sand, 3

1999
Southern California

There was likely more that my father wanted to say about Lana being there. The fact that he didn’t say anything was an indication to me that whatever was going on with my grandmother was serious.

“Okay, I’ll be out in a second,” I said. Lana had pulled on her shorts. She still wore my t-shirt. It had an apsara on it that a relative had brought back as a souvenir from a trip to Cambodia some years before.

My father closed the door again. “Prabp ahwy weah thdew pdah weng.” Tell her to go home. His voice had that chill in it that meant he was upset.

“What did he say?” Lana asked, moving toward me.

I hugged her, but only for a second. “You have to go,” I said.

“But I want to come with you.”

“My dad said to tell you to go home,” I said, shaken by what conversations might come after Lana left. I didn’t know what hospital they’d taken my grandmother to, but I knew my uncle lived thirty minutes from us. We would be in the car together for at least that long.

“Okay. Just call me again as soon as you can?” Lana gathered her bag and stood close to me, wrapping her arms around me.

“Yeah, of course.” I kissed her on the cheek mechanically, my mind racing with anxiety. I moved to my grandmother’s bed and turned the sheets over, ruffling the pillow, trying to make it look slept it. I formulated a story to tell my parents if they asked about Lana sleeping over. Lana watched on until I finished. “Let’s go,” I said, picking up my bag and walking around Lana to open the door.

She followed me out. We found my parents sitting at the kitchen table, waiting.

“Lana, you slept here?” My mother asked, showing her surprise. My father had a grim look on his face.

“Yeah– it got too late,” I said quickly, “she stayed in Yey’s bed.” I looked straight into my father’s stern, dark brown eyes. I could see that they did not believe me, but I held his gaze.

“Let’s go,” he said, standing up.

“I hope she’s okay,” Lana said as we all walked out of the house. She was met with silence. My father locked the door behind us.

“Thanks,” I said. “I do, too.” Lana turned away with some hesitation and got into her car. The engine turned over and she drove away.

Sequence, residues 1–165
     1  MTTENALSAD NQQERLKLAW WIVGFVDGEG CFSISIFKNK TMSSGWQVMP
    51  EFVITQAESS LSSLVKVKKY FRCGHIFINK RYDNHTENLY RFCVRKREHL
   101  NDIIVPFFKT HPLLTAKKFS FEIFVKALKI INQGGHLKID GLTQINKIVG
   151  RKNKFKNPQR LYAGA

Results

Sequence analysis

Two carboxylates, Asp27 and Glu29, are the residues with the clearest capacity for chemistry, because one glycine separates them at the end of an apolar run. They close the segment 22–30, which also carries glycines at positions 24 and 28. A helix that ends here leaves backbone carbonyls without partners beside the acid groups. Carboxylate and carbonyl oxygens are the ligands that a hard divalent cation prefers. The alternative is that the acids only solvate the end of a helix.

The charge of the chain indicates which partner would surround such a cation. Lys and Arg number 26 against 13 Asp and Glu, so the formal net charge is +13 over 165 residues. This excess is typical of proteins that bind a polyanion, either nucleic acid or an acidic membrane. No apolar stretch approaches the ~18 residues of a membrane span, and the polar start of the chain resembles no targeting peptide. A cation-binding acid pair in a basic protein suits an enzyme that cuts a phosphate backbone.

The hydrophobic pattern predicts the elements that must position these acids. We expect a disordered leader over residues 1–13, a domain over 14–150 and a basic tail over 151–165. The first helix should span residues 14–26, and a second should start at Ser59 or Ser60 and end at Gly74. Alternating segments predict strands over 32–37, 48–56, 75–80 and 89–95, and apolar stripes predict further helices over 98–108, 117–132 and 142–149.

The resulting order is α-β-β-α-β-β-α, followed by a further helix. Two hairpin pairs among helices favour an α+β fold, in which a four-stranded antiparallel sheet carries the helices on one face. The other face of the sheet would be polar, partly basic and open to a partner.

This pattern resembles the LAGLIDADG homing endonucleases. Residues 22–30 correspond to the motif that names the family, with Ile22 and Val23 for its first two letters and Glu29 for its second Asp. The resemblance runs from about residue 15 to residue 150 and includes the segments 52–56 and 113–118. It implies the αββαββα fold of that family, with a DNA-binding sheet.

My parents and I got into the family car, a dark blue, compact, two-door sedan. The paint job was worn by years of use and acid rain, but the engine worked smoothly for the most part. My father’s brother was a mechanic and helped my parents maintain the car. Whatever it may look like on the outside, we could rest assured that all was in order under the hood. That was the most important part, anyway. I was not embarrassed to be seen in the car, even when people at school commented on how old and clunky it seemed. I liked driving it; I considered myself lucky to have a car to drive around at all.

“What happened to Yey?” I asked, breaking the silence in the car. If my mother had any negative thoughts about Lana appearing out of my room in the middle of the night, she did not show it. I was glad for that.

She had a stroke in the middle of the night walking to the bathroom,” my mother said, “Luckily Kelly heard her and woke everyone up. They called 911 and an ambulance came. This all happened less than an hour ago.”

Oh my gosh, do they know if she’s going to be okay?” I asked.

We don’t know yet. They said she fell and might have broken her hip,” my father replied, “we’re hoping it is not too serious.”

The rest of the ride was in silence. I sat in the back seat as we passed under street lamps, the town whizzing past. A box of Kleenex slid from the back of the car and hit my back when my father took a turn a little too fast.

“Prayat pong,” my mother said to him. Be careful.

“Chit dthal haiy,” he said. We are almost there. I stifled a yawn as we pulled into the hospital.

I already hated hospitals, but entering one in the middle of the night made it even worse. It was quiet, so there were no sounds to distract me from the chemical scent or the glaring fluorescent lights. I wanted to be back in bed, with Lana, cosy, asleep.

We met my uncle and his family in the waiting room. They all had dark circles under their eyes. I imagined that my parents and I looked much the same. My cousin Kelly was two years older than me and three inches shorter. She held her sleeping little brother Ben in her arms. My aunt-in-law’s hair was pulled back into a neat, severe bun despite the hour.

My father exchanged a worried look with my uncle. Do we know anything yet?

They say she bruised her hip very badly, but it’s not broken, my uncle answered. They think she’s going to be okay, but they are running some tests. The stroke was not as bad as we thought. She collapsed after tripping on the carpet. They think we got her here soon enough to make sure it wasn’t worse. 

My parents and I breathed a collective sigh of relief.

When will they let us see her?” I asked.

“I’m not sure how long everything is going to take. Maybe a few hours.” My uncle gestured to the row of waiting room chairs. Blue upholstered seat cushions stretched over cold metal bars. We all went to sit down. I found a row of chairs and attempted to stretch out in them. The hospital was too cold.

After a few moments, my father came to sit down in the chair next to me.

Don’t let Lana sleep over again, he said quietly. I laid there, waiting to see whether he would say anything more. A few silent moments passed.

“Okay,” I said, “I won’t.” I didn’t look up at him. I feigned a yawn and closed my eyes. The seats shifted when he left to go back to sitting near my mother.

My grandmother was able to come home the next morning.

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